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State To Get $40 Million In Federal Funds For High-Speed Rail

DON STACOM

January 27, 2010

HARTFORD - Federal officials will announce today that Connecticut will get $40 million in federal funding for high-speed rail.

"This is a major investment in Connecticut's future," said Sen. Christopher Dodd, one of the chief proponents of upgrading the Amtrak line through the state. "After years of delay, the New Haven-Hartford-Springfield rail line is finally getting the funding it needs to move forward."

The money will help pay to build a second set of tracks so trains can pass each other along the 62-mile route.

President Barack Obama is scheduled to visit Florida today to announce stimulus grants for high-speed rail projects in 31 states. Connecticut's $40 million slice of the pie, however, is more like a sliver: The other states are expected to divide up the $8 billion pool for high-speed trains.

Florida, for instance, is expected to get between $1.4 billion and $2.5 billion for a high-speed rail line connecting Orlando and Tampa, the Orlando Sentinel reported Wednesday evening.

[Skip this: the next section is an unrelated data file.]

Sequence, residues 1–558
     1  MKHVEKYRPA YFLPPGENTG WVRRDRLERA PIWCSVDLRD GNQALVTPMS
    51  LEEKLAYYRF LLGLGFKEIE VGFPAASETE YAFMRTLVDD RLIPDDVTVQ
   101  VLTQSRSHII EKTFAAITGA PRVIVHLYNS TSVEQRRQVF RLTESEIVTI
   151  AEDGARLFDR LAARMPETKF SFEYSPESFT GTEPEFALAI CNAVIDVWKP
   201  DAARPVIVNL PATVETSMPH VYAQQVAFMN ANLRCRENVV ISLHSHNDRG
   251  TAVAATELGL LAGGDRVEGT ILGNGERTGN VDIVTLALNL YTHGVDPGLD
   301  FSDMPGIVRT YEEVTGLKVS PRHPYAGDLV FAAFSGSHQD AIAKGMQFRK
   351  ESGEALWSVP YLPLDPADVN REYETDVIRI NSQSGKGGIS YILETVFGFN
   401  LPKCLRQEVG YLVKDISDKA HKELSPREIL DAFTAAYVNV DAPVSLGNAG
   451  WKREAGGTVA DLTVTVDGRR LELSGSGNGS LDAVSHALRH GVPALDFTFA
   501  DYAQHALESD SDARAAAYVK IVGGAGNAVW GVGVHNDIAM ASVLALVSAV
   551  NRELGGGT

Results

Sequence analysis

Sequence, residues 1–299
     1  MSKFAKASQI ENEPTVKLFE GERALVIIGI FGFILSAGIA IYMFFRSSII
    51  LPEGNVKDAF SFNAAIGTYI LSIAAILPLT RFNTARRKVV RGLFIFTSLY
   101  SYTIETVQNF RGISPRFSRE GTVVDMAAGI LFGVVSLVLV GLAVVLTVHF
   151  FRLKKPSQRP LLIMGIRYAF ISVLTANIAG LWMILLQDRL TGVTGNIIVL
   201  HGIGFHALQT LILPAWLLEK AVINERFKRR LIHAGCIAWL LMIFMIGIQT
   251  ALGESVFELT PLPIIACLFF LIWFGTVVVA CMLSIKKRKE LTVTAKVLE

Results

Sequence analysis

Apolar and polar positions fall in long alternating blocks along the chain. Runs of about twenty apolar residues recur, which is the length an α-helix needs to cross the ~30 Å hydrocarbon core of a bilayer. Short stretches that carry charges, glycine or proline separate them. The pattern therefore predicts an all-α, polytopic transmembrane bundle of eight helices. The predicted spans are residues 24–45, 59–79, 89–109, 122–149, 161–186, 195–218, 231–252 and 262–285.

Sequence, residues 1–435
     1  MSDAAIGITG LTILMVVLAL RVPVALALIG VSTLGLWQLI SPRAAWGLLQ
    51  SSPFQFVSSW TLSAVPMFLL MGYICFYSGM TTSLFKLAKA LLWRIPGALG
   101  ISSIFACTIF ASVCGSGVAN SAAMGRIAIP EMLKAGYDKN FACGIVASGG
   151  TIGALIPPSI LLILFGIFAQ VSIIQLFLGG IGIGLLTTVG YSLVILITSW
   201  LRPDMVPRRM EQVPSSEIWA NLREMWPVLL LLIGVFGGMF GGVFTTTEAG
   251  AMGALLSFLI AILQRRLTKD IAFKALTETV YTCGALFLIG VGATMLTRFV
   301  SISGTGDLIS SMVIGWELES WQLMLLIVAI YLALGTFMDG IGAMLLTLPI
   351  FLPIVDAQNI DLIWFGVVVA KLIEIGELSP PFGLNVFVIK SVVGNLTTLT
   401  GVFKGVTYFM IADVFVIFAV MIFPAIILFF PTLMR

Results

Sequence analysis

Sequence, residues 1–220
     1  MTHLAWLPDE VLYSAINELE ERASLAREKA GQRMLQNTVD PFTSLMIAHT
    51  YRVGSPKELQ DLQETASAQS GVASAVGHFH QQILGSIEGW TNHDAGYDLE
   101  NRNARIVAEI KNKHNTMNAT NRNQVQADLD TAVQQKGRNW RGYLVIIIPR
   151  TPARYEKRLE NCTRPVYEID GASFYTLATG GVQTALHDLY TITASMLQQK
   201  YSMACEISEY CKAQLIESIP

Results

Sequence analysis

The full cost of an electrified, double-track line from New Haven to Springfield is estimated at more than $800 million.

The plan is for Amtrak inter-city trains to run at up to 110 mph, sharing the route with commuter trains running at slower speeds.

The $40 million is "a good start," said House Speaker Chris Donovan, who pushed in December to get the state to commit $26 million for the project.

"That $26 million has already started showing a return," he said.

"It's an encouraging first step. We hope we can continue our momentum by qualifying for additional monies as soon as possible," said state Sen. Donald DeFronzo, co-chairman of the transportation committee.

Dodd has said the project will be a key to Connecticut's economic recovery.

"We're on a track towards better, faster, more reliable rail service connecting our state with New York, Massachusetts and the rest of the region," Dodd said.

Reprinted with permission of the Hartford Courant. To view other stories on this topic, search the Hartford Courant Archives at http://www.courant.com/archives.
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